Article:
Al Winslow’s article “The Art of Aging” (Daily Planet, Dec. 10, 2008) inspired me to add my two cents to this important issue.
I am 92 years old and am still enjoying life in spite of hearing loss, vision loss, and lower back pain. I live alone and take pretty good care of myself, although having a devoted daughter living upstairs in her own place is a tremendous asset.
What is the secret of my contentment? I would say it is because I keep my creative juices flowing. All my life I have loved to write and now that I am retired, I have the time to indulge this hobby. For the last 15 years I have belonged to writing groups with titles like “Life Stories.” While attending the weekly group led by George Porter at the Jewish Community Center, I regularly submitted articles based on true incidents in my life. As they accumulated, I realized they were mostly based on turning points in my life. And when arranged chronologically they would make an interesting full-length memoir. And I owed such a book to my children and grandchildren who knew little of my life before they came into it.
Alan, my son-on-law, a highly qualified computer person, thought it was a splendid idea, but expressed dismay when I announced I would publish it myself. As we both knew, my computer technique was nowhere as advanced as his, so he suggested I hire a professional to do the job. I resisted his advice, and in my own stubborn way felt I could handle it—maybe not as well or as fast as a pro—but that was okay. I had no deadline to meet.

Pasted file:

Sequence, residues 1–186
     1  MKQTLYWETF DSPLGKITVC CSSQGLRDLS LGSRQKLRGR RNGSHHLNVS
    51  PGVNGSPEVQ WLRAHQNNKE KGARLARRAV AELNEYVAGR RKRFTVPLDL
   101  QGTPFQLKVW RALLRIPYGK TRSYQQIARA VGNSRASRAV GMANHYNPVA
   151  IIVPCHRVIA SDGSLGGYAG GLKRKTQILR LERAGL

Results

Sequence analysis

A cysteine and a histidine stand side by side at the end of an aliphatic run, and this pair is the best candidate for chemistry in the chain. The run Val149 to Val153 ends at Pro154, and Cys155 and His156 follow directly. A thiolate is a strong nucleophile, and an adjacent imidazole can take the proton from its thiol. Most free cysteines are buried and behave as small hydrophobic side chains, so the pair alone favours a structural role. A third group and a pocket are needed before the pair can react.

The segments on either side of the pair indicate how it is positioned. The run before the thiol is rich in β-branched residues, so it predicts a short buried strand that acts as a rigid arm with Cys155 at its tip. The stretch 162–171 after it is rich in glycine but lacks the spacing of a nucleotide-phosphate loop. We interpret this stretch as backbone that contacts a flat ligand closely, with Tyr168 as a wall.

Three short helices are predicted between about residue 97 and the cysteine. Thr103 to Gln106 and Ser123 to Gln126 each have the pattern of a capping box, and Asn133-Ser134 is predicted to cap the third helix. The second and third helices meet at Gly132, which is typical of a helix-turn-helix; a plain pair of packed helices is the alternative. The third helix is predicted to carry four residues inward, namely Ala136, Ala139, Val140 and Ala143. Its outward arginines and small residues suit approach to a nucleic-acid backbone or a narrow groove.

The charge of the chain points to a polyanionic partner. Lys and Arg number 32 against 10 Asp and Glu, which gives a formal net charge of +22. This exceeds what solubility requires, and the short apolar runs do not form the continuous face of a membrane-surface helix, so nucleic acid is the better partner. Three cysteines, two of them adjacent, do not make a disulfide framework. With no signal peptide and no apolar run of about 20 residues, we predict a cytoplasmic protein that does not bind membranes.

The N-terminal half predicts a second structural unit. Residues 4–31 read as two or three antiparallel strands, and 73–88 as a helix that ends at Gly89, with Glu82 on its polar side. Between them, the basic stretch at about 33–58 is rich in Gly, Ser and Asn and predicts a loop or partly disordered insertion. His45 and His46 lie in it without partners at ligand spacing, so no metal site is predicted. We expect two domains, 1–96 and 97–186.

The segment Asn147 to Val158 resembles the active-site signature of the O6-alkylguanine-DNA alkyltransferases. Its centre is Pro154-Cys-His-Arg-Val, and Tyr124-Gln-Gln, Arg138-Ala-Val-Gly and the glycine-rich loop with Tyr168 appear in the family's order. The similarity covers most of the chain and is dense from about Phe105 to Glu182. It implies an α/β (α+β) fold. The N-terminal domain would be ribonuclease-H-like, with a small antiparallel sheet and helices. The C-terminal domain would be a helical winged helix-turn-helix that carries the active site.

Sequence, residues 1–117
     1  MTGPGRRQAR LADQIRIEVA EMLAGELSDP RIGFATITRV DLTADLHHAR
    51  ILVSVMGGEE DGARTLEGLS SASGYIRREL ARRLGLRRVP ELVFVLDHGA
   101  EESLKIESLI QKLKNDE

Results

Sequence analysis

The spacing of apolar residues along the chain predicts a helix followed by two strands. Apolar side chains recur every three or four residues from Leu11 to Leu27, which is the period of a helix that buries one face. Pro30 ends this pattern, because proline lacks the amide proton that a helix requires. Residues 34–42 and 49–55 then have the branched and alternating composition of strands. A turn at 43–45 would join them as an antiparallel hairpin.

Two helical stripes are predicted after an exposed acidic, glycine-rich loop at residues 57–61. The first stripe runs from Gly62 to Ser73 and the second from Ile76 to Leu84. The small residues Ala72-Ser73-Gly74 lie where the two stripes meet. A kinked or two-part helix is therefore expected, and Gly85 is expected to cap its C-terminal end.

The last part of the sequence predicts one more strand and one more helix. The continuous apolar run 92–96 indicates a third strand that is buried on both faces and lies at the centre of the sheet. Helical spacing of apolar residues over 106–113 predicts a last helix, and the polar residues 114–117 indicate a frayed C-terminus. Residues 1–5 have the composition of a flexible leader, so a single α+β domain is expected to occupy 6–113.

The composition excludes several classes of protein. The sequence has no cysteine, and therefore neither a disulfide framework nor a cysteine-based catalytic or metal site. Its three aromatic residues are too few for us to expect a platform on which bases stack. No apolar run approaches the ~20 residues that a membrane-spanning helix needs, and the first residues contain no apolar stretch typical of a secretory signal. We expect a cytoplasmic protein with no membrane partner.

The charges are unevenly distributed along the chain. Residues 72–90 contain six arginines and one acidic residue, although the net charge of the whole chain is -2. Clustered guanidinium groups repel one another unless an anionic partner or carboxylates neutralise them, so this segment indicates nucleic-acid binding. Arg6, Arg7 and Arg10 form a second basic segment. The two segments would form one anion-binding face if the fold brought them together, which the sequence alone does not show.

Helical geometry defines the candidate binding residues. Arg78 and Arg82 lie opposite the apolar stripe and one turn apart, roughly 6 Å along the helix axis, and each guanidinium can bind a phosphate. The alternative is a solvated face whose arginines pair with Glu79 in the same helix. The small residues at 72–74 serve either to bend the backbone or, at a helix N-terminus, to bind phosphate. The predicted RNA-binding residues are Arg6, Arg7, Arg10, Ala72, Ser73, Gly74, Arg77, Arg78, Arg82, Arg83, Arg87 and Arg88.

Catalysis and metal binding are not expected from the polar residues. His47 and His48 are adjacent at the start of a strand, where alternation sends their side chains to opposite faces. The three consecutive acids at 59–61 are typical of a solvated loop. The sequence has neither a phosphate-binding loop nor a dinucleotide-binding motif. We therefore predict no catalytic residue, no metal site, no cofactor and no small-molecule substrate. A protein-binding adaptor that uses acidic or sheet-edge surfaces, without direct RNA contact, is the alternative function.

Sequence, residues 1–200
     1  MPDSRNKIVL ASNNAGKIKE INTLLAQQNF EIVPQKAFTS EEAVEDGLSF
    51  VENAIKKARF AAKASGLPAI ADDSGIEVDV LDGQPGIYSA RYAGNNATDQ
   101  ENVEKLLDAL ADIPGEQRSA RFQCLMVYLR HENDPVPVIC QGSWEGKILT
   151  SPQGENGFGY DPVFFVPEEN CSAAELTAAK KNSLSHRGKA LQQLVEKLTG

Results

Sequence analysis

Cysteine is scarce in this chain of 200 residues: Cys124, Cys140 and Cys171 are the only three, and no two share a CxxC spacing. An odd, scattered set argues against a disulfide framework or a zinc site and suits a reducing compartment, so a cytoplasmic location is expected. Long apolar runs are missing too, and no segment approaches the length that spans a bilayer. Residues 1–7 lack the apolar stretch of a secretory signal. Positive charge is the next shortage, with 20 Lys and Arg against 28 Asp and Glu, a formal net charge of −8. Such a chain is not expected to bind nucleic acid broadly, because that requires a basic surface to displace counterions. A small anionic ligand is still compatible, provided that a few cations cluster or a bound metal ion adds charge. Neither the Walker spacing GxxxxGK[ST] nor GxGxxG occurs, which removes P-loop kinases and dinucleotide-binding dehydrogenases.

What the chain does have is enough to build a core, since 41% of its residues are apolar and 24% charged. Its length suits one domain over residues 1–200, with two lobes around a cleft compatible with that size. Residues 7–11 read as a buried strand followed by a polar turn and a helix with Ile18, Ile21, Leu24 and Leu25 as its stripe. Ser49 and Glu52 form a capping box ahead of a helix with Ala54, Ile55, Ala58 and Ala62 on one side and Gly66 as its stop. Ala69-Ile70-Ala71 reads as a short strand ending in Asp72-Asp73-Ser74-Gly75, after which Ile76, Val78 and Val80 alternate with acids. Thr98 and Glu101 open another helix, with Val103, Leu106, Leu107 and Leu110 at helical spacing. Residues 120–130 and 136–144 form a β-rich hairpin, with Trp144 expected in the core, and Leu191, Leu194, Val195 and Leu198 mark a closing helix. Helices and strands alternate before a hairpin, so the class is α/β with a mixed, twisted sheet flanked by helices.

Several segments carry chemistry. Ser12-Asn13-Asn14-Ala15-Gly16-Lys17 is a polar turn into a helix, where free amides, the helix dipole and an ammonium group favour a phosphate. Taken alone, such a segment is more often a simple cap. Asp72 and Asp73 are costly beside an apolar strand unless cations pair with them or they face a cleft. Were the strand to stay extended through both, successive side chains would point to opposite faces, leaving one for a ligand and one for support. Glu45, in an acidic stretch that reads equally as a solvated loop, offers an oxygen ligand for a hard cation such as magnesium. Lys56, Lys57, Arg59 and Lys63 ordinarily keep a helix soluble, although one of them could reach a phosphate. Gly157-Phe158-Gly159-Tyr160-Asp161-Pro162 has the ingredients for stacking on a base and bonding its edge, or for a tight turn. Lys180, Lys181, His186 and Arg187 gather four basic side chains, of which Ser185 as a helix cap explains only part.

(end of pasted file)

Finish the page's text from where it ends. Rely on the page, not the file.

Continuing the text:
Actually, I looked forward to publishing it myself, just to prove to him that I could do it, despite the fact that I was not as proficient at the computer as he was. But I could learn from my mistakes, couldn’t I? And I could always phone him for help if I needed it.
At one point I took him to meet Kish, the owner of the copy shop who would print 50 copies for me. They talked about my submitting the manuscript on a disk, and Kish would do the rest, whatever that was. All this talk was above my head, but I said nothing. My plan was to do an old-fashioned paste-up of my manuscript, number of pages, design the cover and name it “Turning Points”—all in camera-ready format, the way I knew best.
Well, it took me a month or two but I finally had my paste-up ready for Kish’s copy machines.
I was very proud of the results, and even Alan was surprised the paperback books turned out so well. I mailed copies to friends and relatives who for the most part praised my effort. No surprise there!
I also sent one to William Zinsser, whose classic book, “On Writing Well,” had been my Bible in learning more about the art and craft of writing. He too praised it highly and suggested I give copies to certain libraries, which I did. Two copies are now in the main branch of the Berkeley Public Library. And I may have the distinction of being one of the oldest authors on their shelves. I was 90 years old when I published it. And if I can do it, other oldsters surely can.